On Benin-Ife, Ife-Benin Relationship

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written by Onigu Otite (June 9, 2004) (Last Update June 16, 2021)

I remain, Sir, Your Obedient Servant, a recent book written by Omo N’Oba N’Edo, Uku Akpolokpolo. Oba Erediuawa of Benin, and presented to the public on April 29, 2004, has revived an old controversy. This controversy deserves objective scholarly attention and not sentimental reactions. A search for an acceptable resolution should involve an examination of the ethnography-historiography of three main socio-political and socio-cultural regions that is Niger-Benue confluence, Benin and Ife in time perspectives.

No one scholar has a monopoly of knowledge of these three regions or even only one of them. And from my limited recollection, I consider that Professor A.F.R Ryder has produced one of the most penetrating analyses of the relationship involving Benin, Ife and Oyo kingships in his “A Reconsideration of the Ife Benin Relationship” in the Journal of African History (1965). He did not reach a definite conclusion on whether later Benin rulers came from Ife or vice-versa. But Ryder was hopeful that the research problems involved can be resolved “and progress must depend more upon the archaeologist and anthropologist than the historian” Ryder was most probably ware that the question whether the anthropologist is also a historian was resolved in 1960

Unfortunately, however, owing to market and market and material value of certificates and training in the discipline, fewer students began to opt as from the first half of the 1970s to specialise in its different fields.

Thus, although Ryder’s work may have functioned as a precursor for contesting the Benin-Ife relationship, his hope may be constrained by this down-sliding development, unless foreign scholars/researchers sponsored by foreign foundations will come to help. It will depend largely on this chance-event for us to unveil the hidden structures and decode the symbolism in three historical regions referred to earlier, and thus permit us to undertake reconstructions of the socio-political systems, bearing in mind the developmental cycles involved in the rise and fall of states and kingdoms.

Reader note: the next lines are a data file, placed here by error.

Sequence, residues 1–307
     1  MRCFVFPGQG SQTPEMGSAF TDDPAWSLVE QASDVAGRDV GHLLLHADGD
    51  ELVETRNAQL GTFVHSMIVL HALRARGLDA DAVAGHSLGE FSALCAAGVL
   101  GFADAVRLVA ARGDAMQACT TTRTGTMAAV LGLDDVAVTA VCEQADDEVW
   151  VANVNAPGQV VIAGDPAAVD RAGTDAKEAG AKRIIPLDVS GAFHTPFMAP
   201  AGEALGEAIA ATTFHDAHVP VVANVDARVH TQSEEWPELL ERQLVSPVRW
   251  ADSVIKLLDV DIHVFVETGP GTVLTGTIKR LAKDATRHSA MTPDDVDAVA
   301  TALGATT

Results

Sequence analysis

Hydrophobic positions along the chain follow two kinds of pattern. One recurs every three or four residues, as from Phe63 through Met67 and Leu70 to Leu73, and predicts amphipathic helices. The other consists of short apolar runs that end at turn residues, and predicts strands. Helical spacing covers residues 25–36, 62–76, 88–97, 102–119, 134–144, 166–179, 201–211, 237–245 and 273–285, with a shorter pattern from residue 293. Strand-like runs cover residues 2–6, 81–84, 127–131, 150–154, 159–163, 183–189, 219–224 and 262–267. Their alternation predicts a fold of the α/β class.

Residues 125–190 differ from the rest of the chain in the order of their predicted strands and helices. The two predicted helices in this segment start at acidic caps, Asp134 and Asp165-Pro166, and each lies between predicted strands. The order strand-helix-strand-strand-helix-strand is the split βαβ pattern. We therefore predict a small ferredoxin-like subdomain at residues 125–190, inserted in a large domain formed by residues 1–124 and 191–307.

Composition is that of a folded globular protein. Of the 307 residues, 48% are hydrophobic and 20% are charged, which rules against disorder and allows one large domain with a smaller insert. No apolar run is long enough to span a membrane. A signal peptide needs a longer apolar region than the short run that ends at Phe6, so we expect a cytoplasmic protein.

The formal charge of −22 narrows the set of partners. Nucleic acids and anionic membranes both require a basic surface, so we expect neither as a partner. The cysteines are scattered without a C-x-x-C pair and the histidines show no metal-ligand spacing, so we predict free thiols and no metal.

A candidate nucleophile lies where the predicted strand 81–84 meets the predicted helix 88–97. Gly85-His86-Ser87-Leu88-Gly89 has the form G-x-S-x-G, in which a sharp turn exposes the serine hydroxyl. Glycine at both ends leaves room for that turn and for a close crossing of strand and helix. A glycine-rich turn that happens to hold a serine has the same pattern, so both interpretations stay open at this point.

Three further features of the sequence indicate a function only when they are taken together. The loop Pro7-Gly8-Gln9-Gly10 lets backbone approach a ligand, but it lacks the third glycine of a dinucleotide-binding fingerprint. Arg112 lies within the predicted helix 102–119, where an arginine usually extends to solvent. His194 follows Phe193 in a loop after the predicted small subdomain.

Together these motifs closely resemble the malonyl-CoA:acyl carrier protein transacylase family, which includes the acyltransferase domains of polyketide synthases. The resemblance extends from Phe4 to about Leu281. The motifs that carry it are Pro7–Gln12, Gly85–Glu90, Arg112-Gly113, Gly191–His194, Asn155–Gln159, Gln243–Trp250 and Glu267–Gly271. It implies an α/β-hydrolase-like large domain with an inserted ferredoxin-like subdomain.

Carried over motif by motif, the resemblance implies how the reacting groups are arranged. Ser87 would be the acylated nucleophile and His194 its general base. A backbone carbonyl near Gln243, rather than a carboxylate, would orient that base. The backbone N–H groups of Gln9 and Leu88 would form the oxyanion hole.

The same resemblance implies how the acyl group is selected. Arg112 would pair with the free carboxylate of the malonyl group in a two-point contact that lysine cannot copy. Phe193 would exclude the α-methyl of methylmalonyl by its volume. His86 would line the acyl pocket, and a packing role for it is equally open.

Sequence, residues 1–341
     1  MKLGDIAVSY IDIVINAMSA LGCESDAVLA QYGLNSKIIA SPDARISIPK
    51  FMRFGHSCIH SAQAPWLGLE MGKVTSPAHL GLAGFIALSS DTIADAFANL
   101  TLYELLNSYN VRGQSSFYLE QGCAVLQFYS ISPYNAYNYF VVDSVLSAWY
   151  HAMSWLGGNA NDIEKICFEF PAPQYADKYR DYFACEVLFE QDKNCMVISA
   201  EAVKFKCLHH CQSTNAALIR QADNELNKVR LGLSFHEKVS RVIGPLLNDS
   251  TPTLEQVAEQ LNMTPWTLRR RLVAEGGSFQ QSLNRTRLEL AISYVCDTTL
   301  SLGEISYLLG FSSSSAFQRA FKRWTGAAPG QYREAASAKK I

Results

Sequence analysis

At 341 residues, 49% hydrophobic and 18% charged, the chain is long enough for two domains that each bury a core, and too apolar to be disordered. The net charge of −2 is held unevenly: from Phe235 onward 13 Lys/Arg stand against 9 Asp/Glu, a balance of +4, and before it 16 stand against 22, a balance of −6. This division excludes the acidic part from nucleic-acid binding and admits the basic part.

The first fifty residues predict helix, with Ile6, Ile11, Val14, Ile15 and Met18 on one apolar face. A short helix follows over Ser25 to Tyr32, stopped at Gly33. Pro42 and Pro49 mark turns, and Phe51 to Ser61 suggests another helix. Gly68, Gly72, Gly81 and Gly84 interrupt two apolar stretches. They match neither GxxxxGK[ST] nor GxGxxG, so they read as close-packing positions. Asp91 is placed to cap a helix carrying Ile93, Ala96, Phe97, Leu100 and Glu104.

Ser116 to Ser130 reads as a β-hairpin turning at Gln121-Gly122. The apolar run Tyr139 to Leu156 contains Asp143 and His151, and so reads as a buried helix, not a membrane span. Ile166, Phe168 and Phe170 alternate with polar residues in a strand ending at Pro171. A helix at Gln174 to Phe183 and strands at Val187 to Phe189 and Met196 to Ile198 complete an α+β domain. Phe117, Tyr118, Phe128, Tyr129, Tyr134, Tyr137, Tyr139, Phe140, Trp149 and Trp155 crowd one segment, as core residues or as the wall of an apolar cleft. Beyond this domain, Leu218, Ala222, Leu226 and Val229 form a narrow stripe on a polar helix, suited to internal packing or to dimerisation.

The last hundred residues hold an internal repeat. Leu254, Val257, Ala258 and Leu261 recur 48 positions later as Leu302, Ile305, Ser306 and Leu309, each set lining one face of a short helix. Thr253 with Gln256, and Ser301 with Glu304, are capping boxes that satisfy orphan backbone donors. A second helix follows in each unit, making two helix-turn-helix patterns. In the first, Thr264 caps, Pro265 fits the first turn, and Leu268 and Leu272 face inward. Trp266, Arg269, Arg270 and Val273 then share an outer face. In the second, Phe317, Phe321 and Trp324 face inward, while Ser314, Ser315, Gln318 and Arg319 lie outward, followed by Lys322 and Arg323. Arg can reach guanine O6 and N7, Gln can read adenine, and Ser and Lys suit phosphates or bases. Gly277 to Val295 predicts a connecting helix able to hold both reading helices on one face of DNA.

It must be pointed out that the Benin-Ife controversy concerns only their royal lineages, their kingly descent groups, rather than their entire societies. In the case of Benin, the structural arrangement was not novel, although the new Royal Actors were alien to Benin culture which absorbed the in-comers, but not without social conflicts. and serious oppositions which are re-enacted every year at appropriate rituals, The Benin Ogiso period was already well established in a centralised political structure in which 31 Ogiso had ruled from the apex.  Benin and Ife could thus be classified as plural societies with different sectional traditions of origin-and composite histories

The Benin-Ife relationship is far more complex than merely resolving the claims of Oranmiyan moving to Ife, and returning to Benin. The sentiments and emotions generated by the presentation of the Oba of Benin’s book should be allowed to pass off, to allow serious research from different sources and groups to be conducted towards discovering the historical kernel behind the claims. If the Oba of Benin has no locus standi to talk about Oranmiyan and Ife, he surely has locus standi to talk about Ekhaladeran and Benin. These are the two components of the controversy. It is sentimental if we should believe the Yoruba version because we are Yoruba or the Benin version because we are Benins. Let us strongly hope that any combined future research efforts and findings of anthropologists, archaeologists and historians will not be politicized. And this calls to serious question the old debate of the 1950s and 1960s about objectivity in history and the social sciences.
Following the lexico-statistical dating evidence, by which the Benin and Yoruba (and other Edo speaking people) where separated about 5,000 years ago, it becomes intriguing to enquire about what period Ekhaladeran’s ¬†journey-flight took place from Benin to Ife or Oranmiyan’s from Ife to Benin. If lfe was in its one time place in the Niger-Benue confluence, where was Benin at that time? Does it make some sense to assume that owing to hazards posed by hostile animal and human enemies and fearful encounters in the lengths of original virgin forest traversed facing several directions without a compass, the princes who went out of their kingdoms were after all not the ones that eventually survived brutalities to become or attempt to become kings in their host societies? The escorts and protective warriors were usually more strongly built and resistant to ill-health and other anti-social conditions. Did the prince actuality survive the rigours of harsh life for years required to accomplish the journeys? There are many imponderables in this regard. Besides, it is not quite clear why it was believed that Benin Kingdom needed to approach Ife for a saviour-prince/king when that Kingdom was not known or famous as a superior military political power with expertise in intra-ethnic conflict resolution.